But Calvin knows his thoughtful, somewhat cerebral approach to the game differs drastically from that of his peers.
“Every time I ask somebody about playing baseball, they say something like, ‘I can’t catch,’ or ‘I can’t hit,’ ” he said. “But all that batting is is hand-eye coordination. If you can catch a football, you can hit a baseball.”
Most young, black athletes like Calvin don’t see it that way. Football and especially basketball have evolved as the sports of choice, not just here but everywhere. Call it the Michael Jordan effect.
“A lot of kids think baseball is boring,” said McKinley Technology High School coach Cornell Simms, who coaches the Woodridge Warriors’ 16-18 team.
Said Cardozo coach Frazier O’Leary, whose team is predominantly black: “Baseball is not the first choice among African-American players. If I asked my players to name five major league players, most couldn’t do it.”
O’Leary, who has been coaching baseball for 30 years and is in his third stint at Cardozo, attributes that to the absence of Major League Baseball in the District for 34 years, until the Montreal Expos moved here and became the Nationals.
“Our kids had never seen a professional baseball game before,” he said.
Now that pro baseball is here, the Nationals, as well as the rest of Major League Baseball, are making a concerted effort to reach out to inner-city children at the grass-roots level and expose them to the game through various programs and the construction of baseball academies. Play Ball DC’s Mr. Williams estimated that the Nationals have donated 40,000-50,000 tickets to youth teams over the past three years. But it will take a monumental effort to reverse a long-continuing trend — if it can be reversed.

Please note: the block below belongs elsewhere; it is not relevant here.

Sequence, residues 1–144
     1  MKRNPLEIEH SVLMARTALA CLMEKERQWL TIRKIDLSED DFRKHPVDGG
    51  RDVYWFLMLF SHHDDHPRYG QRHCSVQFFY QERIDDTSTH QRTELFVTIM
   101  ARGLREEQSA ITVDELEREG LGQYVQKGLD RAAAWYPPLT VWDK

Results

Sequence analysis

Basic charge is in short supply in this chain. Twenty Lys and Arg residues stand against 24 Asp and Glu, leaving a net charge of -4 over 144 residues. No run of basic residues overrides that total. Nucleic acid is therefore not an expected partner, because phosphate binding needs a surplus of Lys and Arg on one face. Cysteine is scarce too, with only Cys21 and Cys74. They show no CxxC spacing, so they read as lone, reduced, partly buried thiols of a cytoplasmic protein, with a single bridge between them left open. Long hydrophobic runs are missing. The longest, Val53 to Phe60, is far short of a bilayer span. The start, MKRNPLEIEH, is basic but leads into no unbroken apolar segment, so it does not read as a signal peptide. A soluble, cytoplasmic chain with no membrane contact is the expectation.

“We encourage the kids to come out, but I used to have 50, 60 kids try out, and now I’m lucky if I have 20 or 25,” said Keith Spinner, who recently retired after 27 years as baseball coach at Jefferson Junior High School. “There have been times I felt like I haven’t been able to field a team. … Not only has the number of kids trying out decreased, but also their skill level. I’m teaching kids how to throw and catch who [used to come] to me already prepared.
“Most of the kids have taken up basketball,” he said. “They can play basketball year-round. When I was growing up, we played basketball in basketball season, baseball in baseball season, football during football season. All those kids over there, most of them play football and basketball.”
Spinner was pointing to an assemblage of Jefferson students gathered in the gym in late March for a presentation by officials from the Nationals. As a means of promoting baseball awareness in the inner city, a practice of most big league clubs, the team was announcing a “partnership” with D.C. Public Schools and inviting Jefferson students to an exhibition game at RFK Stadium before the regular-season opener.